So for instance, when I lived in Munich and my husband lived in Brussels, I had my own job and I had my own hobbies. So I tried to not always think about, ‘Oh, in two weeks I will go there and I will see him again.’ Because then your mind is nowhere. It's not here, it's not there. You are wasting the opportunities your life here and now has for you. And just recently I read a book from Paula Hall, she is also a sex and relationship therapist and I really love this point. She said, if you have an issue with something, is your partner really the person you should talk to about it?

Rhoda Bangerter (38:56):


Wiebke Anton (38:57):

Maybe there's someone else who's better suited to discuss the specific topic with you.

Rhoda Bangerter (39:05):

Interesting. So you mean a topic in general or a topic with your partner? So… huh, that's a good point! So even you're like, I have an issue. It could be anything. It could not necessarily be with my partner.

Wiebke Anton (39:20):

Exactly. So it could be something with your children or something with your career, with your colleagues, some kind of social conflict.

Rhoda Bangerter (39:28):

That is an excellent point.

Wiebke Anton (39:30):

So really finding this, and probably you master this over time of course. But really thinking about this balance between involving your partner and burdening your partner with issues. He or she doesn't really have an influence or is like, okay, so of course you want to have a stress reducing conversation, but you shouldn't have it each time you talk to your partner.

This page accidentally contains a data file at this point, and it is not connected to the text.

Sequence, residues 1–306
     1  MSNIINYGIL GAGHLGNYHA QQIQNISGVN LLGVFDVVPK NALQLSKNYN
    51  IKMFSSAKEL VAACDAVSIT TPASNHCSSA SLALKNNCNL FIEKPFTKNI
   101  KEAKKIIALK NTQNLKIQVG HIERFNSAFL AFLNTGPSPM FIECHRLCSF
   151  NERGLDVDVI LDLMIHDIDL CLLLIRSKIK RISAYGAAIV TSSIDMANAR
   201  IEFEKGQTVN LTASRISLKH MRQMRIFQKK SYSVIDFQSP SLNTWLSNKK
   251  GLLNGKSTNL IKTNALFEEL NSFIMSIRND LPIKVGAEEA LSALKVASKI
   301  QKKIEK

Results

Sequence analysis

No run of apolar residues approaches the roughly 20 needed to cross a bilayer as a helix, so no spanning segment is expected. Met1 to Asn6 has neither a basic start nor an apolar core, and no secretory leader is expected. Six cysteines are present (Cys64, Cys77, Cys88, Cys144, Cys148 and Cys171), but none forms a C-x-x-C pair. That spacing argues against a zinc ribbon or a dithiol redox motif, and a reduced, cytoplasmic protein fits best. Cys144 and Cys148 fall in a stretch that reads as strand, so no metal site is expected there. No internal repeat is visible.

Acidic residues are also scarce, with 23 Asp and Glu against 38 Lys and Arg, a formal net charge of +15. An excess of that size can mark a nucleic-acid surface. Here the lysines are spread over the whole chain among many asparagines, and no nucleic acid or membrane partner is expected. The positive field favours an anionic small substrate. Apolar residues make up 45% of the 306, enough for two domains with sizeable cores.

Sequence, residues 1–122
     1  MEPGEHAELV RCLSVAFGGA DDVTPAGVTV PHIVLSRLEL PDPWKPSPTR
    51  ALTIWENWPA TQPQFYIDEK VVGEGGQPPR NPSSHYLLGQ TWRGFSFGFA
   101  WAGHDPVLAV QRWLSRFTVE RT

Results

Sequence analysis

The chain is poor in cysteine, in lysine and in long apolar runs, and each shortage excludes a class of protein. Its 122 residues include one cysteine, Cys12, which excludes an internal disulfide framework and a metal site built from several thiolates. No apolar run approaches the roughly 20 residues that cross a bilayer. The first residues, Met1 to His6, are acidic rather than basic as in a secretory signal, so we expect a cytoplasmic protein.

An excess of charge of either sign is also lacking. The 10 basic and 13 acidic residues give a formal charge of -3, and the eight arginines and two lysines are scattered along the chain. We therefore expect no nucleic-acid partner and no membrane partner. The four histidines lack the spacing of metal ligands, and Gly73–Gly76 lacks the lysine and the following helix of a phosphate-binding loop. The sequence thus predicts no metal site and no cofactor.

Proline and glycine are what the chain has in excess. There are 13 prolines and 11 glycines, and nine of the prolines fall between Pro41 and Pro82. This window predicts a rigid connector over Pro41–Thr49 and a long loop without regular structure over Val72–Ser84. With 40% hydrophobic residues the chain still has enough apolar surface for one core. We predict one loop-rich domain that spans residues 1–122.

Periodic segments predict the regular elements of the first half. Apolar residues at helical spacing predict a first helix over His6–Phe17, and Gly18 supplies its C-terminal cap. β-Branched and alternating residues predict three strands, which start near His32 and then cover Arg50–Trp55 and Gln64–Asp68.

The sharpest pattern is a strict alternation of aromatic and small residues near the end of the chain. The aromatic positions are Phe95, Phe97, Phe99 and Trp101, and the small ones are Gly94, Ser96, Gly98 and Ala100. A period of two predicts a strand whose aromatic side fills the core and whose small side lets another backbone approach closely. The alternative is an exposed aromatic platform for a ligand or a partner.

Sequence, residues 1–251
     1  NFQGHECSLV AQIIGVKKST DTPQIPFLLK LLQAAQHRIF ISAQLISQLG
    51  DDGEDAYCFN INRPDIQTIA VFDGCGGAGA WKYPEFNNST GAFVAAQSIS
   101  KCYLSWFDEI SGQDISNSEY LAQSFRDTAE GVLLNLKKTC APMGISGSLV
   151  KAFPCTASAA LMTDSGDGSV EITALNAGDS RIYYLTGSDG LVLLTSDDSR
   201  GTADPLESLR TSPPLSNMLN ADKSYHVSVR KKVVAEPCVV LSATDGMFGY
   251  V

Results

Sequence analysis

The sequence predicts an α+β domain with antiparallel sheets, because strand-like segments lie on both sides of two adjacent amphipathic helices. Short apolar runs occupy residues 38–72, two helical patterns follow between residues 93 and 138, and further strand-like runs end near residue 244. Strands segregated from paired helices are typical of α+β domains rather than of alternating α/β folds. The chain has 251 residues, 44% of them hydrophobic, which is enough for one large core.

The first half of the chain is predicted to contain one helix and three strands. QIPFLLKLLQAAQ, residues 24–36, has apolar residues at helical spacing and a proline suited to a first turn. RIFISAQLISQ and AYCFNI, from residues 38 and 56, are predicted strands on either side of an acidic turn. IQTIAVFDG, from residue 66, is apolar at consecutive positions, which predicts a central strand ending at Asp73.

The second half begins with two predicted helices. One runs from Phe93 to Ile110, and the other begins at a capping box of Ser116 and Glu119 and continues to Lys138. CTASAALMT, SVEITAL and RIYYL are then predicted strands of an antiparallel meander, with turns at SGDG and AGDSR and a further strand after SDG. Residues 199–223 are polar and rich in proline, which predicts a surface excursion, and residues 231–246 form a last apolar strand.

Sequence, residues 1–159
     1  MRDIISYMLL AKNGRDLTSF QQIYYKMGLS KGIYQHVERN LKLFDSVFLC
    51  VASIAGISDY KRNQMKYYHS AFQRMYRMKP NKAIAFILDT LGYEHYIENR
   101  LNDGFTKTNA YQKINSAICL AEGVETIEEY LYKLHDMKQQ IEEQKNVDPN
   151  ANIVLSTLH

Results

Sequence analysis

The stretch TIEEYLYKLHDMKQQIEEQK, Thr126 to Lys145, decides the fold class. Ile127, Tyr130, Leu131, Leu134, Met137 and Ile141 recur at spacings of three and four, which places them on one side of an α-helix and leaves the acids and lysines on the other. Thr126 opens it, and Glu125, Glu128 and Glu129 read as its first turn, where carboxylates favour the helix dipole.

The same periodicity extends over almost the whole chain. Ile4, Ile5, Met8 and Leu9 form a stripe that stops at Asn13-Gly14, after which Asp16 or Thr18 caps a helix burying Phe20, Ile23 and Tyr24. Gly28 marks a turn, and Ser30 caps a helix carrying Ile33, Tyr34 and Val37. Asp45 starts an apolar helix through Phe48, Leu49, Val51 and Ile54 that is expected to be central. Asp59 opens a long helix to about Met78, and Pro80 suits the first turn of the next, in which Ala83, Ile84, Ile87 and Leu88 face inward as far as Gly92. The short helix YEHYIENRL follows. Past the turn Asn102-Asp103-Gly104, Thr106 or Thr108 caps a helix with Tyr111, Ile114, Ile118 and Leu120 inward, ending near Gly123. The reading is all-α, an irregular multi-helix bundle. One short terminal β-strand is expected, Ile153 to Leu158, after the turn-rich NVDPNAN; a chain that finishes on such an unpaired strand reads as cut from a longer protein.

Rhoda Bangerter (40:00):


Wiebke Anton (40:02):

So probably if you have some issue, you could also go to a life coach or to a friend to talk to, right? So that your relationship still has the status of being as carefree as possible, if that makes sense.

Rhoda Bangerter (40:26):

Okay. Okay. Yes, yes. That's an excellent point, an excellent point. Thank you so much Wiebke.

Do you want to add anything more?

Wiebke Anton (40:43):

Yeah, absolutely. I want to add two more things.

Rhoda Bangerter (40:45):

Yes, go for it.

Wiebke Anton (40:45):

And I said this to you also early in our conversations always thinking, am I using my partner's absence as an emotional blackmail or weapon in our arguments? And this is really a tough question because it is very natural. I think that especially when you have children and there are phases where it's difficult. Or that humor like, ‘Oh, this person is gone and it would be so much easier if I would not be alone’ and so on. But then just looking at yourself and being honest that you decided this together and that it's hopefully not a permanent forever situation and that you are both equals in this relationship.

Rhoda Bangerter (41:45):

Yeah, very good point. Also, I'm gonna put them down so that it's clear in the show notes because these are really important points you're making. And what's the next one? <laugh> You're giggling <laugh>. But it's great, it’s so important.

Wiebke Anton (42:03):